If you’ve lived anywhere near Atlanta, you know that we always have some road construction going on around the city. I have lived in Cherokee County for more than 35 years, and I can’t remember a time when one of our highways was not under construction.
When Ruth Graham died in 2007, she left behind instructions for these words to be on her gravestone: “End of construction: Thank you for your patience.” When you visit the nearby Billy Graham Library in Charlotte, North Carolina, and walk over to the place where her body is buried, you will see most folks read those words and smile. It’s an interesting experience just to walk around a cemetery to see what the grave markers say.
Have you thought about your life as a construction project? When you are younger, you feel you have lots of time to finish the job and stay busy about other things. When you get a little older, you think about making a will, what you will leave to your children and perhaps grandchildren. A little later when it seems the years are flying by, you may ask yourself: how am I doing on this life I’m living?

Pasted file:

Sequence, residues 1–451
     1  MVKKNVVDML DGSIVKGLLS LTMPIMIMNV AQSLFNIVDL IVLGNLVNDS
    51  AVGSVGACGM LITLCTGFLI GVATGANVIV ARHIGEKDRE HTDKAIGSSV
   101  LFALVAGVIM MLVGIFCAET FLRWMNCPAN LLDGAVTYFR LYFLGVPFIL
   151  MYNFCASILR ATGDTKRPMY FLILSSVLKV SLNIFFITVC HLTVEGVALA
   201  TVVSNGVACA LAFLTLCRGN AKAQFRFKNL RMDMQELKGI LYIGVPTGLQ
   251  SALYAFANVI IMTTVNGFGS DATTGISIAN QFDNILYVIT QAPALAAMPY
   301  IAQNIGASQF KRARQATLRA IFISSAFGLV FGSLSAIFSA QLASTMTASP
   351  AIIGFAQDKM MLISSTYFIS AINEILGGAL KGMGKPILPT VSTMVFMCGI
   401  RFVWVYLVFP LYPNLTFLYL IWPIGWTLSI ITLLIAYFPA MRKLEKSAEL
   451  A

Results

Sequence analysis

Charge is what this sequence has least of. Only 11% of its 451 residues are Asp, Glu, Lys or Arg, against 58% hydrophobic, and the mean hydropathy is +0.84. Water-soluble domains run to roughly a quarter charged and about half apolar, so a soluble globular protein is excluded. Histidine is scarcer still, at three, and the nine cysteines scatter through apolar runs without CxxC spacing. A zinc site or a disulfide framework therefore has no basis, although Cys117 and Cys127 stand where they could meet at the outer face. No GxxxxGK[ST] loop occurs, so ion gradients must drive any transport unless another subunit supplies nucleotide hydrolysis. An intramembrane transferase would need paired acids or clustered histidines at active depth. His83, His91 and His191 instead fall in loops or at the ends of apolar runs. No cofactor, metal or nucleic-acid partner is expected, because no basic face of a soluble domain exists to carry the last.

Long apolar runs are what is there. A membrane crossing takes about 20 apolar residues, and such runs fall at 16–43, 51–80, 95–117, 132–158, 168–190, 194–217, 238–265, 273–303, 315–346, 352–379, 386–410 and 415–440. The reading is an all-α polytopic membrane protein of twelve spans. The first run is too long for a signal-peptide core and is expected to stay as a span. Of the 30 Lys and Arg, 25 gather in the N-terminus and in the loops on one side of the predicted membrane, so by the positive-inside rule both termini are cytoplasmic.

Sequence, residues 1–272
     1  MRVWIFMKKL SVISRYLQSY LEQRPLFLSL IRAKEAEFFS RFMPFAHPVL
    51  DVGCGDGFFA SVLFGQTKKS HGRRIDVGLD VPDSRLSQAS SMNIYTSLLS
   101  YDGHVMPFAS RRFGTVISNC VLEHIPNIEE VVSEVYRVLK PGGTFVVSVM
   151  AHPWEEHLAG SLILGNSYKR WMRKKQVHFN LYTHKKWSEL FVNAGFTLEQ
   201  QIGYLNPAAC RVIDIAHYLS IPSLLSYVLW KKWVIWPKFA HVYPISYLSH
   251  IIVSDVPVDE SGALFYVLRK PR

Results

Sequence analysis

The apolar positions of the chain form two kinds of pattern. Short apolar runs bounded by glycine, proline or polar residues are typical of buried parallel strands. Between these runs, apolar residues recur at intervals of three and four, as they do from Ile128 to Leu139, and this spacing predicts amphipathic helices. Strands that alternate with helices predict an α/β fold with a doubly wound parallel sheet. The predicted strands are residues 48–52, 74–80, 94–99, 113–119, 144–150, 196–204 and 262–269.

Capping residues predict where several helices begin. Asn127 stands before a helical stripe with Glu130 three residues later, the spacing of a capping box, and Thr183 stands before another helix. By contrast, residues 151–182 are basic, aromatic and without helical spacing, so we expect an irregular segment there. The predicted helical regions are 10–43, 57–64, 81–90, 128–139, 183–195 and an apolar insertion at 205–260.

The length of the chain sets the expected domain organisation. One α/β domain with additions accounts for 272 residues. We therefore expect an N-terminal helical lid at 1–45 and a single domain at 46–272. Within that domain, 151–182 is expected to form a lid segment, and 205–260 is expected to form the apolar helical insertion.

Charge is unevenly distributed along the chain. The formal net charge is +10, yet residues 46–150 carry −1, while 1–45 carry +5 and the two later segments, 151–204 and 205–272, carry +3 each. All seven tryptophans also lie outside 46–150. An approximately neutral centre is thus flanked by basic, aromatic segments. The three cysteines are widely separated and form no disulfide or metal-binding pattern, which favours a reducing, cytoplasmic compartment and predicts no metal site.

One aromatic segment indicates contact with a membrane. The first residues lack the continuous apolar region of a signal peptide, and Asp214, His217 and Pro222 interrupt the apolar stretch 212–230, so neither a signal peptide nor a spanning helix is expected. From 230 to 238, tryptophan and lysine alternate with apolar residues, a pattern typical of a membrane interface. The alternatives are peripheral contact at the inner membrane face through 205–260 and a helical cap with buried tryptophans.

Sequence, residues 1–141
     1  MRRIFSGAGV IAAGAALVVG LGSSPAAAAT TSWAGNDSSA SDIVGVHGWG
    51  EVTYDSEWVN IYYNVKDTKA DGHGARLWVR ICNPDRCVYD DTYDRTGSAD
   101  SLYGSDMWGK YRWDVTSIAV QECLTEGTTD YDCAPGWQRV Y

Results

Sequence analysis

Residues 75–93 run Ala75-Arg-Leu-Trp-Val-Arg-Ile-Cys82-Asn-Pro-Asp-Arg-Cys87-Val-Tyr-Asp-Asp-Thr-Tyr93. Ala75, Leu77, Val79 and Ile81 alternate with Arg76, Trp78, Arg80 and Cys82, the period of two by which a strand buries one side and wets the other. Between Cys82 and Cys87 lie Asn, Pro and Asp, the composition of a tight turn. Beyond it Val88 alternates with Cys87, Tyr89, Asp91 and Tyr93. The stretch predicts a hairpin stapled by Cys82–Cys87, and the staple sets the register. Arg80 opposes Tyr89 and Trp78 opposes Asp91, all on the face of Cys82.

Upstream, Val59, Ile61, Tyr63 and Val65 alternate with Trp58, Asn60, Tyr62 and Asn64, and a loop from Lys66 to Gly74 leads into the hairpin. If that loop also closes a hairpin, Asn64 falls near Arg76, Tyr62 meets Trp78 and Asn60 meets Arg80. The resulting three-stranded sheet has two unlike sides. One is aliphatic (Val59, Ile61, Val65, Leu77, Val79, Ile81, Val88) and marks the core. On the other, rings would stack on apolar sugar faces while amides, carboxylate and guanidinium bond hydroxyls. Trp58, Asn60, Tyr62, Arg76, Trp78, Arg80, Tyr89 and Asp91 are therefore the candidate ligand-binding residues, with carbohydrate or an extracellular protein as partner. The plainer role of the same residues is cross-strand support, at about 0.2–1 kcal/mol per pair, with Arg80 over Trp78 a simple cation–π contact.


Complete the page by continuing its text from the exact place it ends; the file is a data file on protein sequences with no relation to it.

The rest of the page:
When life comes close to the end, few people say “I wish I had worked harder at my job.” Many will say, “I wish I had spent more time with my family.” But there is an internal construction process too that needs to be examined. Jesus put it succinctly in the question, “What shall it profit a man if he gains the whole world and lose his soul?” It’s a penetrating question!
When people ask me what it takes to be converted, I usually include four essential spiritual moments. The first is conviction. It’s a theological word that explains recognizing my failures or sinfulness. No one seeks a Savior unless he comes to the place where he knows he needs one.
The second word is repentance. Simply put, that means to be sorry for the ways I’ve failed. Again, Jesus illustrated with the man whose prayer was brief put pointed, “God be merciful, to me a sinner.”
The third concept is starting over, reversing course — when I recognize that I need to move in a new direction, find help, or ask God for help.
And the final word is becoming whole! I can discover the need for change, remodeling, being under construction in the inner sense of the soul.
One of the simplest invitations Jesus gave was, “Come to Me…and I will give you rest.” Put your hammers and saws down; the project is finished!
Few of us have been that wise, but Ruth Graham chose the right words: “End of construction: Thank you for your patience.” I would like to think the Father said: “Welcome home, good and faithful daughter.”